We use necessary cookies that allow our site to work. We also set optional cookies that help us improve our website For more information about the types of cookies we use, visit our Cookies policy and manage your preferences.


Logan's story

20th July 2018

Kirsten Kininmonth from Greenock, Inverclyde, was concerned when her baby boy Logan had a high temperature and refused to feed

Logan's story

Here, she shares their story and praises the hospital staff for their quick and exceptional treatment.

"Our seven-week-old boy was strong and healthy, weighing 9lb 9oz at birth, breastfeeding well and often.

"One Saturday he was restless and had a bit of a temperature, but as he was our third child we weren’t too worried. By Sunday morning he hadn’t slept well and was hardly feeding, and had a horrible cry when we picked him up.

"I took him to our local A&E department, but he had settled a bit by now and his temperature was down. I was told "It’s probably nothing, but if you can go to the Royal Alexandra Hospital it might be best".

"I drove home, collected my husband and we went to the other hospital. The nurse who saw us said he seemed ok (his vital stats were not concerning), but she wasn’t happy with his cry.

"The nurse called a doctor, who as it turned out was a trainee GP and hadn’t seen a young baby before. Luckily, she called another doctor who quickly decided to do a lumbar puncture.

"I was scared but the nurse was amazing and quite firm, saying we shouldn’t go with him as it would be distressing for us.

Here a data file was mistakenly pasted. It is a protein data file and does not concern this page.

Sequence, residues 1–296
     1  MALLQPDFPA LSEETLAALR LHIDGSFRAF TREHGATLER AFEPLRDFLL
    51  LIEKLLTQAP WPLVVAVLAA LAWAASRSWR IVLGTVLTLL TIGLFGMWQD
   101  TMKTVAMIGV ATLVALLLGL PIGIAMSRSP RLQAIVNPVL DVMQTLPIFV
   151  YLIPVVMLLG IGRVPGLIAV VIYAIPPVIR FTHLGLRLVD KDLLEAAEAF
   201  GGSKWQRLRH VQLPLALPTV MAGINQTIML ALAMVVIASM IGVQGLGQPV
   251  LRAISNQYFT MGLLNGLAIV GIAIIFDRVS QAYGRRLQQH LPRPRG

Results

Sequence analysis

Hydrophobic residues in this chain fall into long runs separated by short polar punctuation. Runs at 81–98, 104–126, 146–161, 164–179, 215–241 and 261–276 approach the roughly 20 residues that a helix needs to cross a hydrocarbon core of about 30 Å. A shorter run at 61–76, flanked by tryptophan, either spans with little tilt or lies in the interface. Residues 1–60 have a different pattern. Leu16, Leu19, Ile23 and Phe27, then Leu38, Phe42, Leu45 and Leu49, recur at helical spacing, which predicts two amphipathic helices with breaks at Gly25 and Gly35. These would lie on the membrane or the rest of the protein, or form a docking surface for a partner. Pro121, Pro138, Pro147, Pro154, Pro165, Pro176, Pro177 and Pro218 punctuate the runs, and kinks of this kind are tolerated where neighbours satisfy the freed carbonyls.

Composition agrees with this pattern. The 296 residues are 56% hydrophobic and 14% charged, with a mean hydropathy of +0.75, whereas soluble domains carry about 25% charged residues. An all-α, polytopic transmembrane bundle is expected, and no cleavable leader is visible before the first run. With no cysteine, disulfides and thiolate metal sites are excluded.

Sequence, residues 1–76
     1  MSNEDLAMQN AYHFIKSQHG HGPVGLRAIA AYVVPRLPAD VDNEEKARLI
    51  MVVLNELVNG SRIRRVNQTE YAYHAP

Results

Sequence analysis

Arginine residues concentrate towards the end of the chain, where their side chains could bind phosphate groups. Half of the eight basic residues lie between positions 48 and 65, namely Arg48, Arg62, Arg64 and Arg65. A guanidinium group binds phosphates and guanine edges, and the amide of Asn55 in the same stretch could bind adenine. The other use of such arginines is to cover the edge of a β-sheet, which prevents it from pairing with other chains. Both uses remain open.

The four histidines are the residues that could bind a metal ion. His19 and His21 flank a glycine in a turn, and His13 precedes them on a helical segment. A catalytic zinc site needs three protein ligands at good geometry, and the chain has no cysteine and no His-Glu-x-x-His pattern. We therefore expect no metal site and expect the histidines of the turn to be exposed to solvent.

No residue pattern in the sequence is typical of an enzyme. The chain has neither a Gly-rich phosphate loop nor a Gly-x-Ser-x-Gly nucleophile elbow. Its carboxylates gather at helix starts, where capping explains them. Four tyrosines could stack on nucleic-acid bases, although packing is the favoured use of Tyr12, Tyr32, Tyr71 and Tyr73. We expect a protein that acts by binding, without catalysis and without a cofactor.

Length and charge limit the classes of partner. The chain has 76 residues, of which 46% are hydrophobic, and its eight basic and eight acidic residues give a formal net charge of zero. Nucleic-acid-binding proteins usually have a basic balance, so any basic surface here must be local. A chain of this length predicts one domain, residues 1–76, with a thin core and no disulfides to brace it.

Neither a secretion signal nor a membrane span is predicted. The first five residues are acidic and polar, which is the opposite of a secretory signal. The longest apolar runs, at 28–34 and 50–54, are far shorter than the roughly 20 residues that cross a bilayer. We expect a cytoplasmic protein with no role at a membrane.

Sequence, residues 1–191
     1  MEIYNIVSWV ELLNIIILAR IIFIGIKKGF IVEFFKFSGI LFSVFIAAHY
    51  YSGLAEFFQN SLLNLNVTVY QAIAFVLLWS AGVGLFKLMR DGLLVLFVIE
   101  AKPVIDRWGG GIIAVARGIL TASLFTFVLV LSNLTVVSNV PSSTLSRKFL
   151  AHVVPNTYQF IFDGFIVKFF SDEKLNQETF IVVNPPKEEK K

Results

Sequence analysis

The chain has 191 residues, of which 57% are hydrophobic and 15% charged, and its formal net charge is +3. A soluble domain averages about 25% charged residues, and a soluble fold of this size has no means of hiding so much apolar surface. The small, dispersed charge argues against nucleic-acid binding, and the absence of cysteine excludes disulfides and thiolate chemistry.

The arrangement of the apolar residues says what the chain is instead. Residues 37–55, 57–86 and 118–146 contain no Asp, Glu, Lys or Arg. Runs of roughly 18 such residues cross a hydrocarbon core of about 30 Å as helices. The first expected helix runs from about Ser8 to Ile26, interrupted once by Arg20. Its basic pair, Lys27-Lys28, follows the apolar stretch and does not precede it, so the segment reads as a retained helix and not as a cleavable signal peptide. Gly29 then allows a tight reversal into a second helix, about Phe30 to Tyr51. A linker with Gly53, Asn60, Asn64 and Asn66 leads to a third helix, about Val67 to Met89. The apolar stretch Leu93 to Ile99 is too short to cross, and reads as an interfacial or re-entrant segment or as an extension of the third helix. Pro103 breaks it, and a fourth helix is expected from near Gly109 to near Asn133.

"He had the lumbar puncture at 11:30pm and the next time we saw him he was sleeping, full of wires and a drip.

"I still thought it wasn’t possibly as bad as we feared, so told Kevin to go home as he would have to get the other two kids to school and nursery in the morning.

"The doctor came to our room at 2:30am and was so kind, all he said was, "It’s a good thing we did the lumbar puncture - it showed traces of meningitis".

"I’ll never forget sitting in the room after he left, Logan in the cot, in shock and having to tell Kevin it was meningitis.

"For almost two days we waited to see what strain it was, hoping it was viral, but it came back as bacterial. This meant spending two weeks in hospital away from the other kids, which was very difficult.

"Luckily, he responded to treatment and within a few days was starting to feed again.

"We had a scare when his temperature kept spiking, so doctors did an MRI scan in case he needed surgery.

"Walking him down to the MRI suite and seeing everyone looking at this tiny bundle, was the hardest part for some reason. Kevin took him into the test and as soon as they left I broke down. For some reason it all hit me at once.

"Again, we were lucky - within the day his temperature dropped and remained stable.

"When he was discharged we knew there would be lots of follow up appointments, and the hospital team were fab.

"His consultant was exceptional, and the team at audiology were so calming and reassuring. He passed all the tests and starts school in August.

"Sometimes it seems like we imagined it, but every meningitis story we see, reminds us how lucky we all were and how amazing the hospital was."